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April 1976

Treatment of Reflux Esophagitis Resulting in Massive Esophageal Bleeding

Author Affiliations

From the Department of Surgery, University of Iowa College of Medicine, Iowa City.

Arch Surg. 1976;111(4):365-367. doi:10.1001/archsurg.1976.01360220061010

• The complications that occur secondary to sliding hiatal hernia are reflux esophagitis with ulceration, stricture formation, and hemorrhage.

We have treated seven patients for massive esophageal bleeding secondary to reflux esophagitis. All had endoscopic evidence of reflux esophagitis and a negative work-up for other sources of bleeding. All underwent Nissen fundoplication as the only mode of therapy for the bleeding esophagitis. No patient has bled again; healing of the esophagitis was evident six weeks after operation, as observed by gastrointestinal endoscopy.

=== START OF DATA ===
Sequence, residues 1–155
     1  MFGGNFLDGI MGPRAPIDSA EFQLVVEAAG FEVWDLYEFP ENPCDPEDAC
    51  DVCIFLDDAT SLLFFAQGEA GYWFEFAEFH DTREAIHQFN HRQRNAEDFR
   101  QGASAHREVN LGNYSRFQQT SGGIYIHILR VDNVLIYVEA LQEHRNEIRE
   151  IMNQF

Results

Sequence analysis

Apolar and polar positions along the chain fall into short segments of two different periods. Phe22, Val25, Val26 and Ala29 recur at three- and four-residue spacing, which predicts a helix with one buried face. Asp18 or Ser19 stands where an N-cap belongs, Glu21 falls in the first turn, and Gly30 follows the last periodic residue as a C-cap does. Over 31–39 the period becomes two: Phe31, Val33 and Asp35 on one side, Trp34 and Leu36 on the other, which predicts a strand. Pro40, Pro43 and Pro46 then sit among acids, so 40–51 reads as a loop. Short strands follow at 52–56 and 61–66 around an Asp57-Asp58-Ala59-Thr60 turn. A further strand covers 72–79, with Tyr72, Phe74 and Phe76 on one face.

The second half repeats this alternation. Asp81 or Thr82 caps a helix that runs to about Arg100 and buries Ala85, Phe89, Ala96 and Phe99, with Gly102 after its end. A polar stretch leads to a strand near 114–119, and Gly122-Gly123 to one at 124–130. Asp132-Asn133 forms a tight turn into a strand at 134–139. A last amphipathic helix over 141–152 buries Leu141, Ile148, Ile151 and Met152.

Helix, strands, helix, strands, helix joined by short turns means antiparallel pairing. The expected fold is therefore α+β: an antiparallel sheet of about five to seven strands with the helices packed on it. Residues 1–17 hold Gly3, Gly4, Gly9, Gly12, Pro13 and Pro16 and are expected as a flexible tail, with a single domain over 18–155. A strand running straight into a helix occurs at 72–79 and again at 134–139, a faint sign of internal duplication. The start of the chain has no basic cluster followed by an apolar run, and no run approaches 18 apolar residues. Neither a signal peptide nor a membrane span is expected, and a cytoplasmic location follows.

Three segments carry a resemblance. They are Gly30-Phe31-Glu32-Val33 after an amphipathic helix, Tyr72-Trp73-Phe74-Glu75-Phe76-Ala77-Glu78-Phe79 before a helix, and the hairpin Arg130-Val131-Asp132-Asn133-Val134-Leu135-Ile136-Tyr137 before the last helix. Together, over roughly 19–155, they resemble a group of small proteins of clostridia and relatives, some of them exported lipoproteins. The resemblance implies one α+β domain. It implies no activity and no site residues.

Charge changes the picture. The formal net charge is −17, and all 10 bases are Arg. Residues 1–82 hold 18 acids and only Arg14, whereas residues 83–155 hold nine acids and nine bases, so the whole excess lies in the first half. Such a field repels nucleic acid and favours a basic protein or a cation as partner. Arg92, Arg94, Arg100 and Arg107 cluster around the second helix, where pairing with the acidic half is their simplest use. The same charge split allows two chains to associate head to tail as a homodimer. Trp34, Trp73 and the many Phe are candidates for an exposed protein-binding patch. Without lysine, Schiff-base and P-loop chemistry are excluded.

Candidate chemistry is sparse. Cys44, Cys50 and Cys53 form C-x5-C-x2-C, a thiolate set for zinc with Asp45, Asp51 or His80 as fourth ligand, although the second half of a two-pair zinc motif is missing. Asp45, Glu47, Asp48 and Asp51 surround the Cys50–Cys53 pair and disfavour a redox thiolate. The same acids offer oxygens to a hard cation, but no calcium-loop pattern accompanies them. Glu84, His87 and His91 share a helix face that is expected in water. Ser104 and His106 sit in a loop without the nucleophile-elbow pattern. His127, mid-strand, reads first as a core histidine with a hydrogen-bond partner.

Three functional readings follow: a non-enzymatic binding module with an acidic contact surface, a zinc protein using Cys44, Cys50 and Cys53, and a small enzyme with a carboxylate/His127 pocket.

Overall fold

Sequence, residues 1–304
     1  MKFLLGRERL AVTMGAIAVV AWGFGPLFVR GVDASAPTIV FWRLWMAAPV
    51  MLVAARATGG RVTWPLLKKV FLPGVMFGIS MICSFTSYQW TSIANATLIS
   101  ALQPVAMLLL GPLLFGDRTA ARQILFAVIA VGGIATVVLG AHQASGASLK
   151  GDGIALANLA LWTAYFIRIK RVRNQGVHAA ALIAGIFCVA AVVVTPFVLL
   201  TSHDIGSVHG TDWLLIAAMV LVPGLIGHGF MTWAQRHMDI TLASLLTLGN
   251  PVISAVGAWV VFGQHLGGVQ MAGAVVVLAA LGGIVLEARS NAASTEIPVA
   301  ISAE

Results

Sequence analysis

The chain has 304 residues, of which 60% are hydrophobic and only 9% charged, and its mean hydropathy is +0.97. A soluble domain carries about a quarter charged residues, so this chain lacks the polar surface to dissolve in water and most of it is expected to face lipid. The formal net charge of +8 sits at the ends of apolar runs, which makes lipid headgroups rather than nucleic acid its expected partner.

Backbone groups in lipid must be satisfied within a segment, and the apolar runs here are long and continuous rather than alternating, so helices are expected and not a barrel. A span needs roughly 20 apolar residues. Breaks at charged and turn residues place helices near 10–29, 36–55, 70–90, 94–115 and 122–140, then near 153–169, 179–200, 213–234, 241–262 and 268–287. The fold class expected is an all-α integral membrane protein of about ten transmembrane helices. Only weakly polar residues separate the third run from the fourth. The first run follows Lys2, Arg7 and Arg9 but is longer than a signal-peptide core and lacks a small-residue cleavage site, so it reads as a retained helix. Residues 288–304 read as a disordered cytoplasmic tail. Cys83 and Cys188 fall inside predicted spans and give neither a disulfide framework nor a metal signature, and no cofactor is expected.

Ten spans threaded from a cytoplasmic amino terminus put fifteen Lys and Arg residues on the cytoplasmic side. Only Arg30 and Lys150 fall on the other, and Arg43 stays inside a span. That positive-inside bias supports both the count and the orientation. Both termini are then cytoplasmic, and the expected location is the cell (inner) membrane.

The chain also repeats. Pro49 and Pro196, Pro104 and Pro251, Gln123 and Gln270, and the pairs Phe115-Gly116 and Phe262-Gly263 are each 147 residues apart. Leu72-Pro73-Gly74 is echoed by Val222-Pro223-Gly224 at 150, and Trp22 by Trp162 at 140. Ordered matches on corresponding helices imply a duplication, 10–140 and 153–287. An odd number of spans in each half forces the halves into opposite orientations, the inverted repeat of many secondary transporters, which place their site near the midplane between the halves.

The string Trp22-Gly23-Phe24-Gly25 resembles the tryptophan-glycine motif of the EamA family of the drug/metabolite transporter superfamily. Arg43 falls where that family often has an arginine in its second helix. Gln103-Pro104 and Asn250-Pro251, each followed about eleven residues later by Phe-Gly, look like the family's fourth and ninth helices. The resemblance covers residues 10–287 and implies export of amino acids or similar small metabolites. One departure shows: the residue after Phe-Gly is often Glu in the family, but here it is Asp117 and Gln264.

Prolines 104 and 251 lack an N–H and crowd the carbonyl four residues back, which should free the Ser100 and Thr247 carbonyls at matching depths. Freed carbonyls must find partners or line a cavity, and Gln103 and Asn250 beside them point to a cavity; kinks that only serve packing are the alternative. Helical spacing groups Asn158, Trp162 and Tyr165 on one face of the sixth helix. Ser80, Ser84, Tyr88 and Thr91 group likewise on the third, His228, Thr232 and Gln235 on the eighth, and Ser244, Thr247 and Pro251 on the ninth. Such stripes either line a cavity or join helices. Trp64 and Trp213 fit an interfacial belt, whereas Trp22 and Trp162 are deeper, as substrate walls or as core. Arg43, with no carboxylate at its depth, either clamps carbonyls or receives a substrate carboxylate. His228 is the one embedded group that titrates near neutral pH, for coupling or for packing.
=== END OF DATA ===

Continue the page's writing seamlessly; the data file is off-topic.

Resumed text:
This operation prevents reflux, has minimal side-effects, and gives consistent results in the hands of the average trained gastrointestinal surgeon.

(Arch Surg 111:365-367, 1976)

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